Investors haven’t exactly treated publicly traded mortgage companies very kindly over the past 12 months. To that end, Rithm Capital, the real estate investment trust that operates NewRez, Caliber and several other businesses, is considering spinning off the mortgage division to aid its flagging stock, which company executives described as “extremely undervalued.”
“Our third-party fund business continues to be a major focus as we transition to growing our business as an alternative asset manager,” President and CEO Michael Nierenberg said during the REIT’s Thursday earnings call. “With that in mind, we are evaluating alternatives for our mortgage company and will likely file an S1 in the coming month. This will allow us to create other pools of liquidity to the extent we create a public entity and further diversify our business model.”
He added: “So what we’re doing now is when I look at the way our stock trades or how poorly our stock trades, I should say. I think for us, when I look at the mortgage company and the business that’s been created there, we will likely explore, there’s no guarantee which way we’re going to take this thing, but we’re likely going to file an S1 [a prelude to taking a company public]. We’ll look at the possibility creating a public entity out of it, which, over time, could allow us to really further diversify our business model.”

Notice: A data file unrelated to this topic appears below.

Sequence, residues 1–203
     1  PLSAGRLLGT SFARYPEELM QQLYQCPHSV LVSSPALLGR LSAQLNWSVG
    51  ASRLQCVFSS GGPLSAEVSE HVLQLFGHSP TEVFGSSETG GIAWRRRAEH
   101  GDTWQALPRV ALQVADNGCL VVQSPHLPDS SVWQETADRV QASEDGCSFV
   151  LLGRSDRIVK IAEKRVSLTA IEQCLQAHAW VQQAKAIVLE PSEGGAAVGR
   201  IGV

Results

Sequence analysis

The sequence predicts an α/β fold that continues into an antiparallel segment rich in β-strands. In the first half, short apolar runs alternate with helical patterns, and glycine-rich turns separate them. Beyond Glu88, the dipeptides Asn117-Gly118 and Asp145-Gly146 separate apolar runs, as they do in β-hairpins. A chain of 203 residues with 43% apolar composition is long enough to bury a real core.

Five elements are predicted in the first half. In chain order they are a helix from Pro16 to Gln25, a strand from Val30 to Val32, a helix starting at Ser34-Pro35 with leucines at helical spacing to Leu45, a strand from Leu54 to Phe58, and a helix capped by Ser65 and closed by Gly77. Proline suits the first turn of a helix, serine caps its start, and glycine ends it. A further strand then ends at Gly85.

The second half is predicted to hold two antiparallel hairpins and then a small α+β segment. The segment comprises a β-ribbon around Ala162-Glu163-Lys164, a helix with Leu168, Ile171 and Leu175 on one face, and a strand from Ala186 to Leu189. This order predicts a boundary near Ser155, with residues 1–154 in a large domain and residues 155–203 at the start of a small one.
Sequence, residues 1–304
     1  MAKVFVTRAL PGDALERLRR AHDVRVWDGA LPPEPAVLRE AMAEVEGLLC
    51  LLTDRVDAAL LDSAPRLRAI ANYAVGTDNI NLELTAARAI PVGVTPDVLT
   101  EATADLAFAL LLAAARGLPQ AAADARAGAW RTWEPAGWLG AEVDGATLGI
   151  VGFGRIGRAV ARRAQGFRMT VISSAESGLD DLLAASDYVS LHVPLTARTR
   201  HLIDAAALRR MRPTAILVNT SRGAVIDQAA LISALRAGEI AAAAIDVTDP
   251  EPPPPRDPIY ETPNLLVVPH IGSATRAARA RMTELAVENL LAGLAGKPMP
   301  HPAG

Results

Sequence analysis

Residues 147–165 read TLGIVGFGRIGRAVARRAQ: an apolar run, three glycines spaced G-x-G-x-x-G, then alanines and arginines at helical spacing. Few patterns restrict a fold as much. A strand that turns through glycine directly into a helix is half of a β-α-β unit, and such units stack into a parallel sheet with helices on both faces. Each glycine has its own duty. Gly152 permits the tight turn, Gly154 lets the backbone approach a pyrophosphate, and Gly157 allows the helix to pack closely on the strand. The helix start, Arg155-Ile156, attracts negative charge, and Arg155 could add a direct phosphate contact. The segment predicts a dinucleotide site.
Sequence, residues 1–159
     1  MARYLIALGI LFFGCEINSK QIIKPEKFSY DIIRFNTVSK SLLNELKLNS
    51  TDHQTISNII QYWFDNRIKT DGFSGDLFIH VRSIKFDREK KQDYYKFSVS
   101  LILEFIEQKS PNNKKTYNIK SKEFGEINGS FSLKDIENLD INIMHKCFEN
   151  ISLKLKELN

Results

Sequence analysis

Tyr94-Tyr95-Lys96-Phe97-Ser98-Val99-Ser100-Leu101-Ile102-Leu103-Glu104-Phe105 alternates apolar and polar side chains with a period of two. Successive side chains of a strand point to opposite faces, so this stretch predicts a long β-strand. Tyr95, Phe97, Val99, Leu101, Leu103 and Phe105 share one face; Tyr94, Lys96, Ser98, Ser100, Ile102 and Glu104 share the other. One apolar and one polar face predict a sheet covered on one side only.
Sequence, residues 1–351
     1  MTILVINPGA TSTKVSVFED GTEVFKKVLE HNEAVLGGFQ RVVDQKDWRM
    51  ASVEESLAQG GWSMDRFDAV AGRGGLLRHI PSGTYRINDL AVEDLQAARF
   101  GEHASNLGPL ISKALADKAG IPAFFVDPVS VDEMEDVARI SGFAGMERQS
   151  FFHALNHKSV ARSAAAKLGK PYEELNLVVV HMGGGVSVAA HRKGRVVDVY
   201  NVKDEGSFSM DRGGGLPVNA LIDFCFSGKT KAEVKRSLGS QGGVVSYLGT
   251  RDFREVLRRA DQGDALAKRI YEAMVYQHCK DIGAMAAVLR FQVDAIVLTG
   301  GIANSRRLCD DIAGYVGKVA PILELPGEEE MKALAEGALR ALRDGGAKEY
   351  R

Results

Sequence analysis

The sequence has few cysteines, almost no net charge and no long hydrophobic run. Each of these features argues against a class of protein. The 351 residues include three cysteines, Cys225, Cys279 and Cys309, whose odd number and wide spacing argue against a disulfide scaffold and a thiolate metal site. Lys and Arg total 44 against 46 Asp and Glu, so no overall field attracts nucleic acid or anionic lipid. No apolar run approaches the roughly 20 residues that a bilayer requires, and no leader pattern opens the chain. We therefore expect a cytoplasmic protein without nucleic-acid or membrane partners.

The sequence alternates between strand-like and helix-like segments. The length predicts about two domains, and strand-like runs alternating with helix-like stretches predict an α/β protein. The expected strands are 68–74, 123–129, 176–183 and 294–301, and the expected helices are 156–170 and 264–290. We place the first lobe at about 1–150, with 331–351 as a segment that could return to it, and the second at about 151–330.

Rithm, one of the largest originators and services in the mortgage industry, saw net income drop 15% from the fourth quarter to $89.9 million. Those profits were propelled by the company’s significant servicing portfolio, which, while down 1% from the end of 2022, tallied an unpaid principal balance of $603.0 billion at the end of the first quarter. Rithm has 3 million customers through its servicing portfolio.
The company’s originations business lost $24.4 million in the first quarter, and gain-on-sale margins fell to 1.61% from 1.81% at the end of the fourth quarter. Nierenberg said originations were down in January and February largely due to seasonality, but were at a “breakeven” in March.
Nick Santoro, the company’s chief financial officer, told analysts that they expect Wells Fargo’s exit from correspondent lending to help them boost margins in future quarters.
The company remains opportunistic given the challenging economic landscape and its cash position, which remains strong at $1.43 billion.
“When we look at the space today, and we look at the opportunities around potential M&A or potential assets, there’s plenty of activity going on,” Nierenberg said. “So I think the look of the company today won’t be the look of the company as we go forward down the road.”